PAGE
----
@SounDoer：来自 A Sound Effect 对游戏《Call of Duty: WWII》音频总监 Dave Swenson 的采访，有关声音录制、设计和整合方面的幕后制作细节。
Creating Call of Duty WWII’s Authentic Sound – an in-depth interview with Dave Swenson
- At Sledgehammer Games our goal is to have a very high dynamic range game. For that to work, you need all of your assets in the game to be high dynamic range assets.
- We made the decision early on that we wouldn’t use anything that was used previously. We went out and recorded everything new for this game. Everything you hear in Call of Duty: WWII was purposefully recorded for this game. It was all new recordings by our team at Sledgehammer Games.
- On Advanced Warfare, we found that we were struggling to get the Foley recorded in the studio to sound as open and “in the environment” as we wanted it to sound. Eventually we experimented with going out and doing our Foley recording on location. This technique ended up giving us the exact sound we were looking for. If we needed footsteps in the forest, we’d go to the Redwood forest near our studio and record footsteps. If we needed sounds in a bunker, we’d go and find a bunker and record our sounds there. The natural reverberations of the various locations and how the clothing and props reacted in the actual environments sounded better and more natural to us.
- When you hear an explosion in the game, you hear the rocks ripping and cracking and flying through the air and you hear the sand and debris sprinkling down. We wanted the players to feel like they were in the environment and so that is where we put our focus.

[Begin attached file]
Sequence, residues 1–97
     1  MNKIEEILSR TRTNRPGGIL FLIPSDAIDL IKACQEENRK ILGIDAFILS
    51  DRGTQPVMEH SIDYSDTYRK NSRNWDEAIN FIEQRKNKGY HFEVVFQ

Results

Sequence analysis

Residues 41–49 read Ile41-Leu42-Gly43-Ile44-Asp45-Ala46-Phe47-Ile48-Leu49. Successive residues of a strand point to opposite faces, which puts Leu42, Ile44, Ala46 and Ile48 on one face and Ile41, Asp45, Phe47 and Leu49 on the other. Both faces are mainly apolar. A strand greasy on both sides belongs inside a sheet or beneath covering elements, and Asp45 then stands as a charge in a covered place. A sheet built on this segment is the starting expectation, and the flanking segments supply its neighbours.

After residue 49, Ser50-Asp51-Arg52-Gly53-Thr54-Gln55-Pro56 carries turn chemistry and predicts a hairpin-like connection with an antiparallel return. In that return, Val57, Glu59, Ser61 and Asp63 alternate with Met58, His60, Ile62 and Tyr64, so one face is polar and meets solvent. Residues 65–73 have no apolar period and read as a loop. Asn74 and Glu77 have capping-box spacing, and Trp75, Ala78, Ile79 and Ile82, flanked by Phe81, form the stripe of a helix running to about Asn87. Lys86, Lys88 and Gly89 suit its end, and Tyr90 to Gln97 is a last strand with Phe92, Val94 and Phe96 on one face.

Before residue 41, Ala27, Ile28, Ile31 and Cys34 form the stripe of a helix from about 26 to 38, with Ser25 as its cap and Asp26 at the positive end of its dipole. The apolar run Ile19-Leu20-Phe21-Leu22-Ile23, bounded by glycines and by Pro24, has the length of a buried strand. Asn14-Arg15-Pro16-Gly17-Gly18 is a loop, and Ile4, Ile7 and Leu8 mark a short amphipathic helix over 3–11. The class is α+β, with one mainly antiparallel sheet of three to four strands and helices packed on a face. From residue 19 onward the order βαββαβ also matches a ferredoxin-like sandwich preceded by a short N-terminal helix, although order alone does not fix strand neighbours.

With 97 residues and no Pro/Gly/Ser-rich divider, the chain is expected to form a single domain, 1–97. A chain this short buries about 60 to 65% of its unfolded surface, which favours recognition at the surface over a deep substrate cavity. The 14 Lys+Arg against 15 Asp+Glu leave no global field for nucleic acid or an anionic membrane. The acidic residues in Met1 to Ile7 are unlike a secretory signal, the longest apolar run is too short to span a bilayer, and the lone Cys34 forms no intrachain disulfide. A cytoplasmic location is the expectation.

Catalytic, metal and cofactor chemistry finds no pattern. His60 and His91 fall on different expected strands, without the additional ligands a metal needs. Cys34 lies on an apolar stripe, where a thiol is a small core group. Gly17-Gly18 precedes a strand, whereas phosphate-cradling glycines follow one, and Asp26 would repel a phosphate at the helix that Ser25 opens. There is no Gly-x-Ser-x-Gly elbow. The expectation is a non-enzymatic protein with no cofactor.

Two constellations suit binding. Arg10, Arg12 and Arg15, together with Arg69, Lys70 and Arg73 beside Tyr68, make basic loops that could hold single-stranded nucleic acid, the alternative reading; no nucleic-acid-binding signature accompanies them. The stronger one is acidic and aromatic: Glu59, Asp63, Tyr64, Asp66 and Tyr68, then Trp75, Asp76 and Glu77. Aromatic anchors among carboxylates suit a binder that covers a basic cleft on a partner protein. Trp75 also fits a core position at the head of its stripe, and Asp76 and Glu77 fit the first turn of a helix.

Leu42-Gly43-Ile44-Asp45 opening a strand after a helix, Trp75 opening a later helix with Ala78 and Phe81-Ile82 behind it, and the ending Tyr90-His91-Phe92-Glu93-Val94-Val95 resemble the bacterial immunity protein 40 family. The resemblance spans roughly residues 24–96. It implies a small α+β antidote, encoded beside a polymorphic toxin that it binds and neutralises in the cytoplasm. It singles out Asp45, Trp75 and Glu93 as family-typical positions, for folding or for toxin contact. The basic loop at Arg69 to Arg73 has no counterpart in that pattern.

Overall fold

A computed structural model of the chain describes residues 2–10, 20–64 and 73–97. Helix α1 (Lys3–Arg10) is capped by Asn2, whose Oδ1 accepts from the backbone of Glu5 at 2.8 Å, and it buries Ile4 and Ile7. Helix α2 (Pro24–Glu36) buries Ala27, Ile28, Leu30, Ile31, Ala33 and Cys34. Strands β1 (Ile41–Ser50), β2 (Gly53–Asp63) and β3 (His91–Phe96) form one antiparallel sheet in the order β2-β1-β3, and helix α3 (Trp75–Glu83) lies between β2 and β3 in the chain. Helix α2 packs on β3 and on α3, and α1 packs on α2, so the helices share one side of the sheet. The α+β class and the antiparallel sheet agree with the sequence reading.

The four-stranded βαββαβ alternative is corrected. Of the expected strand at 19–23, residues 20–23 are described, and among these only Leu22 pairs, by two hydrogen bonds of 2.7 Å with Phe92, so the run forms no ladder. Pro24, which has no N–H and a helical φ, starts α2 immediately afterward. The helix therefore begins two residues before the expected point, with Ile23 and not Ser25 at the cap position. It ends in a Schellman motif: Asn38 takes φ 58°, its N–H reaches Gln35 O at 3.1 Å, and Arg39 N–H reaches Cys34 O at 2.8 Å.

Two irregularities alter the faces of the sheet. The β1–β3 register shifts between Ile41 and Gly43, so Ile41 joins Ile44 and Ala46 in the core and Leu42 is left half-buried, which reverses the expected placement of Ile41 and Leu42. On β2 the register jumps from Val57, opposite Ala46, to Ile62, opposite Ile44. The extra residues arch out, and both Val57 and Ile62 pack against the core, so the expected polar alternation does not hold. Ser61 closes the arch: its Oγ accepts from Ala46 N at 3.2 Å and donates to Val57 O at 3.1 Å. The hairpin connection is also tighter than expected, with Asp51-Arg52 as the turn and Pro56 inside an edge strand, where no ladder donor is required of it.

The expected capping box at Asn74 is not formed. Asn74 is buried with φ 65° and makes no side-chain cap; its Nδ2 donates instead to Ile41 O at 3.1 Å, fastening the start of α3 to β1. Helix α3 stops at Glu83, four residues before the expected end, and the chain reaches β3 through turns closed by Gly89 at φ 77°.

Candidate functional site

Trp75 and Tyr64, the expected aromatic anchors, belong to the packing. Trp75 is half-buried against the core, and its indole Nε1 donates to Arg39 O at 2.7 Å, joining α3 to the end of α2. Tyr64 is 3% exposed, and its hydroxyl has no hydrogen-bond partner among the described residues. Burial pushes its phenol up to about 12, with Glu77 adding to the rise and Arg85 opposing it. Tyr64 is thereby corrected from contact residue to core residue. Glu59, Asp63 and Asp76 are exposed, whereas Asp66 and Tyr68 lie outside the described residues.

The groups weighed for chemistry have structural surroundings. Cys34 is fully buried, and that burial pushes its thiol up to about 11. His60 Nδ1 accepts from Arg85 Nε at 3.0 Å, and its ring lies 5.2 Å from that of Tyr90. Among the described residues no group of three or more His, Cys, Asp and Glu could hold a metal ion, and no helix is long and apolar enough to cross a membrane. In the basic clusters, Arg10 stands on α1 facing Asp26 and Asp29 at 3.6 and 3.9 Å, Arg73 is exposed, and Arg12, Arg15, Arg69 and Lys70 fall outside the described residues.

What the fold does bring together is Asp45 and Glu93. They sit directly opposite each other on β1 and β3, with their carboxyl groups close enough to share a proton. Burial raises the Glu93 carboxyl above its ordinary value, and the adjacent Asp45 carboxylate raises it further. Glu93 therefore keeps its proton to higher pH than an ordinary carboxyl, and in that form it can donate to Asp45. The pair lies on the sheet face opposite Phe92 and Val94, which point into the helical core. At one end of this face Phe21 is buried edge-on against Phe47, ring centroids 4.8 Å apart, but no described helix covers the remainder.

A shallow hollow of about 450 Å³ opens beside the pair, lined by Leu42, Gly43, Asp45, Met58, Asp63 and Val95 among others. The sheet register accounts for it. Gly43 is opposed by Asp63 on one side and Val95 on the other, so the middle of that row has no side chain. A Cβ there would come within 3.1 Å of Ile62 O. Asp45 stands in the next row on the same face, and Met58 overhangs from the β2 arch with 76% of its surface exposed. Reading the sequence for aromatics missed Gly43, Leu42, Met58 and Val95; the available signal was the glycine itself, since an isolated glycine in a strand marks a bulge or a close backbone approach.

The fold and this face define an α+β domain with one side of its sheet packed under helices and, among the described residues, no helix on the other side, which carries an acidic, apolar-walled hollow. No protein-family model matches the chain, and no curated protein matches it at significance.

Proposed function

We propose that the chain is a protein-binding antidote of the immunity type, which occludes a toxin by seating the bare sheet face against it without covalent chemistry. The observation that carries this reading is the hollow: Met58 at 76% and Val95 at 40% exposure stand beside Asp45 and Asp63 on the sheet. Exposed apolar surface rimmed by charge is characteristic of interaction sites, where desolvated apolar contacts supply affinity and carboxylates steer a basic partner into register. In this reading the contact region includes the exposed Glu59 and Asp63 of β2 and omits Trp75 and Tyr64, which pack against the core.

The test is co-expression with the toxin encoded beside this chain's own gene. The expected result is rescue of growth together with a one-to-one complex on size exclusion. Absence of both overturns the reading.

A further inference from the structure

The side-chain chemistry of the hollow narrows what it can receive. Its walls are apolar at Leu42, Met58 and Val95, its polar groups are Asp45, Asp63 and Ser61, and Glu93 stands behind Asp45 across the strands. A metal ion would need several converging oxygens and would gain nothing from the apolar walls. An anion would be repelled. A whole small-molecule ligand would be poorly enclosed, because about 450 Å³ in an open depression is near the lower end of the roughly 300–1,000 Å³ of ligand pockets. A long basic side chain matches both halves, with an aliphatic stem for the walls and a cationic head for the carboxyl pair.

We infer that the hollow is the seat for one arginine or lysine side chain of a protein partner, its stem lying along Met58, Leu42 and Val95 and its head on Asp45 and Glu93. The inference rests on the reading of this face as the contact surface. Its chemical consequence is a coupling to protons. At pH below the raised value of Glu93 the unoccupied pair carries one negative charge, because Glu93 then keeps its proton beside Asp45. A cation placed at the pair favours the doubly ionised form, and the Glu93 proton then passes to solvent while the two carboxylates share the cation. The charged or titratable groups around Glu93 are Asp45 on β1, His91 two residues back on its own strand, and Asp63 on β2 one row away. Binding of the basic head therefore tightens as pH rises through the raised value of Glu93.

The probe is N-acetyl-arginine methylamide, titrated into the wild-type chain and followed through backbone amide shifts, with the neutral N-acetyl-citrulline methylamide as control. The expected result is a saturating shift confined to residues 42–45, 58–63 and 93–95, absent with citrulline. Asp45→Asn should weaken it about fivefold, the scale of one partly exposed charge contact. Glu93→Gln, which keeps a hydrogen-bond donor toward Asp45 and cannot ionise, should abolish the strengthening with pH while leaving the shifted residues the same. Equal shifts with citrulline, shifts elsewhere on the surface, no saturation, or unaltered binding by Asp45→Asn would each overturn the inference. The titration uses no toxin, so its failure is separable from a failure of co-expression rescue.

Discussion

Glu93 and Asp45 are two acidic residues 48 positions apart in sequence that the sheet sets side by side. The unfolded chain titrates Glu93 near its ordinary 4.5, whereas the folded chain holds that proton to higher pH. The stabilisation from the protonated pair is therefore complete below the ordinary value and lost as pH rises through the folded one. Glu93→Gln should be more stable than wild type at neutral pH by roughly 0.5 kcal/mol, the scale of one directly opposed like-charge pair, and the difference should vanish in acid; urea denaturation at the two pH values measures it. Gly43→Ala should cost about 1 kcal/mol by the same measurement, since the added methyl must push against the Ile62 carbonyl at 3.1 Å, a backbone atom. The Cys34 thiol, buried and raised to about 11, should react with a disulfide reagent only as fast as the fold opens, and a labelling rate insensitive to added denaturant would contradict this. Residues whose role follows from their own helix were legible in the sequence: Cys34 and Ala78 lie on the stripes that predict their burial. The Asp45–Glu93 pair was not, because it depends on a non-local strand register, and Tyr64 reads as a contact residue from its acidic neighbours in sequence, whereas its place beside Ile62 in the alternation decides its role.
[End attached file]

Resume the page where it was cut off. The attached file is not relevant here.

- Our implementation relies on a robust scripting language. It requires our sound designers to be highly technical, to be almost like audio programmers.
When we hire sound designers, we understand that we use a proprietary system and a proprietary language and no one is going to have experience with it. We know that’s something we can teach. Therefore, when interviewing, we first and foremost look for someone who is a great sound designer; who has a talent for recording and designing. Then we look for candidates who have a desire to be technical. As long as they have the interest, we can make them very technical with some on-the-job training. Ultimately, we need the whole team to be expert sound designers and also expert technical sound designers and implementers.
- Don Veca (also a Dead Space alumni) had this idea to make a language for the zombies. I’m not sure how many fans figured this out but the zombies actually have their own language that they stick to. They’re Germans, but they’re not speaking German because they’re dead and they’re zombies. So, Don created this language that he called “Zom-Deutsche,” and it’s made from actual German dialogue — the writers would write dialogue for the zombies in German. Don then wrote a program (all of our sound designers being very technical and able to script and program) that would swap syllables around and scrambled the syllables of the language up just enough to have it not be clear German, but it still had the feeling of being German.
SounDoer– Focus On Sound Design